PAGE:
When Winchiu talks about deploying technology to change lives, an infectious smile lights up her face.
She knows first-hand how gratifying it can be to make a difference. There was the Facebook message she received from a young man in Nepal, effusively thanking her for his IT career. She had taught him how to use computers when she was in Kathmandu, volunteering with Engineers Without Borders as a college student.
More recently, through Accenture corporate citizenship partner CivicAction, Winchiu helped seventh- and eighth-grade girls from Toronto think about smart-tech solutions to problems plaguing their inner-city neighborhoods. The experience opened a window for the girls on how to be their own change agents.
“It was just so powerful,” Winchiu recalls.
At Accenture, Winchiu, a senior manager, brings that same combination of engineer training and a passion for changing lives.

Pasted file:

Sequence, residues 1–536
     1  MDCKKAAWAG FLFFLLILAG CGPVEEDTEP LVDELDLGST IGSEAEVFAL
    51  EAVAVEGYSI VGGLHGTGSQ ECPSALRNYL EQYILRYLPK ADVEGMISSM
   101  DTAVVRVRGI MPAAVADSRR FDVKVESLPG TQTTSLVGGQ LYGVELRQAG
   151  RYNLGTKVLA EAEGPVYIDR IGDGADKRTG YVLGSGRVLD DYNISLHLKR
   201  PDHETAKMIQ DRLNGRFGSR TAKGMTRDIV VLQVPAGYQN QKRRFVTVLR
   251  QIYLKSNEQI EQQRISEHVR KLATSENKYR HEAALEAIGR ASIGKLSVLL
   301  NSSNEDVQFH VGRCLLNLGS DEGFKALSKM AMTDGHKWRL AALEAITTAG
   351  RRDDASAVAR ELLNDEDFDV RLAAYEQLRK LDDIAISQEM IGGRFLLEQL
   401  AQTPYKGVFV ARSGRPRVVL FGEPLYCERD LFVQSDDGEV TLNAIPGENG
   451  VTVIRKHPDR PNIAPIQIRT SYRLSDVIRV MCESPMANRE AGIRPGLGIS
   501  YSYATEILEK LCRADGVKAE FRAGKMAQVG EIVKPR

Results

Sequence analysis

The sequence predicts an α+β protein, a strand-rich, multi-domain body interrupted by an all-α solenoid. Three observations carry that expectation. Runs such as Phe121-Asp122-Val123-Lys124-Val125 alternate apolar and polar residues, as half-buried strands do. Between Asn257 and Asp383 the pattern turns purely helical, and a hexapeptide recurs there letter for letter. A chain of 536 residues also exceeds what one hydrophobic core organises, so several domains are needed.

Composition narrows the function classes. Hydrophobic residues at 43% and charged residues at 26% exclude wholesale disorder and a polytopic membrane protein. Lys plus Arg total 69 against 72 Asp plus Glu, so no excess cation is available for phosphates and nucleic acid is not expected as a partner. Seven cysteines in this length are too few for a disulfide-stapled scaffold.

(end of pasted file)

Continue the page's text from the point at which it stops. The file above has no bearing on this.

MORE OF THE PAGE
A graduate in electrical engineering from Carleton University, she applies design thinking to problems facing her clients in the transit and transportation industries–sectors that are struggling with aging infrastructures even as exciting new technologies emerge.
Her team’s latest idea: Can drones be used to assess the condition of aging bridges, rather than risk the safety of workers going in?
“At Accenture,” she says, “that’s one example of how we’re using this really cool technology to improve urban life.”
Storyelling and teaching help in career
Teaching and storytelling come naturally to Senior Manager Nia Sarinastiti.